Most weeks, I review more DVDs than the Indy can fit into print. You can look for extra write-ups here, on the IndyBlog.
Charles Bronson and Will Sampson take on a monstrous and mythical white buffalo! The manliest man to ever hit the silver screen, Bronson is Wild Bill Hickok, on a quest to kill a rampaging albino buffalo that haunts his dreams to such a point that he wakes up shooting his pistols in the air. Meanwhile, One Flew Over the Cuckoo’s Nest’s Will Sampson is the mighty Crazy Horse, ostracized from his tribe and sent on a mission by the tribal elders to kill the same buffalo that, coincidentally, rampaged through their settlement, killing many, including Crazy Horse’s newborn child. Together, these men must join forces to bring down the beast. Director J. Lee Thompson eschews the typical cowboys-and-Indians Hollywood hokum in favor of an honestly masculine tale of two men hell-bent of holy revenge. Both of these Old West heroes have their shortcomings and finally realize that the only way to truly defeat this Moby Dick-esque killer to come together and use all of their skills to stop this unstoppable beast.
Ben Johnson and Iron Eyes Cody take on the fearsome Cheyenne warrior Grayeagle! In this variation of the classic racist John Wayne western The Searchers, famed cult director Charles B. Pierce (The Town That Dreaded Sundown, The Legend of Boggy Creek) twists and turns that original story in such a way that, by the end of it, you’re cheering the Native American warriors and identifying with the emotional resonance of their story. Ben Johnson is a craggy old cowboy who lives on a piece of frontier land with his Native American pal Iron Eyes Cody (whom many of you may remember from those 1970s littering PSAs) and daughter Lana Wood. One day, a fearsome Cheyenne warrior named Grayeagle breaks into their cabin and kidnaps the daughter. Thanks to previous westerns, we’re led to believe this is for nefarious reasons, only to find out that it was done for only the noblest of them. But, as Ben and Cody try to track her, they run afoul of a rival tribe out for revenge. Full of suspense and derring-do, Grayeagle may not be as well-known as The Searchers, but, from my point of view — a Native American one — is a far better movie.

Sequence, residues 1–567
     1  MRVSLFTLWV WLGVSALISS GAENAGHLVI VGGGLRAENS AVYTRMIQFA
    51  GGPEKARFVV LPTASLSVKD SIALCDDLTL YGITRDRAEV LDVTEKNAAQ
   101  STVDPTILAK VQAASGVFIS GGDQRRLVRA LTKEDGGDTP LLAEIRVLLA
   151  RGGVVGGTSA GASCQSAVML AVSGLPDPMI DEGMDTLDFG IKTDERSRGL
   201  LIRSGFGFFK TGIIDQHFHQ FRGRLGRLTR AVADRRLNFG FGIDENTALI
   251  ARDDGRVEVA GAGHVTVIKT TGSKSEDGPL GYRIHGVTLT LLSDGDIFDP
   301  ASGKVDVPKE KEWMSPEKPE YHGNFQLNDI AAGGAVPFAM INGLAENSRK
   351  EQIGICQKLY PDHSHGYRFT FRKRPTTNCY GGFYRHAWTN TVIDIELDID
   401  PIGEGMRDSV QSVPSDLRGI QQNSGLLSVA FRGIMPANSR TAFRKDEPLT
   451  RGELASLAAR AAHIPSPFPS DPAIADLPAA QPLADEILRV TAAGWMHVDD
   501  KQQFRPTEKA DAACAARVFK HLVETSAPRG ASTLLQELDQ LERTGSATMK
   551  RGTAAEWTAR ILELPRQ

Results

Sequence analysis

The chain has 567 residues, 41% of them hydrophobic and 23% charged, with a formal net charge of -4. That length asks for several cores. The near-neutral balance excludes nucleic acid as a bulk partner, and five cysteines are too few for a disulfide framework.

Jan-Michael Vincent and Chief Dan George take on the vengeful evil spirit of an ancient sorceress! Vincent (of TV’s Airwolf) is Mike, a successful businessman who, many years ago, turned his back on his Native American roots in order to achieve more worldly and material fame. Meanwhile, back on the tribal land, an evil spirit called Dsonoqua is wreaking havoc, poisoning the land and the people. Tribal shaman Old Man Hawk (George, who was Academy Award-nominated for his performance in Little Big Man), knowing his time is limited, goes to the city to reclaim his grandson and pass his power on to him in order to defeat the demon and send the spirits back to hell. While, above all, yes, this is a horror film of sorts, it’s also a pretty moving tale of remembering who you and what you are, honoring your ancestors, and reclaiming the past that is rightfully yours.
Should such material be removed from a government office? Certainly. However, the question not answered…
'BirdManBlue's' post is directly on point and I appreciate the insight.
Whether it's a gov't owned account or not is irrelevant. He's an employee of the…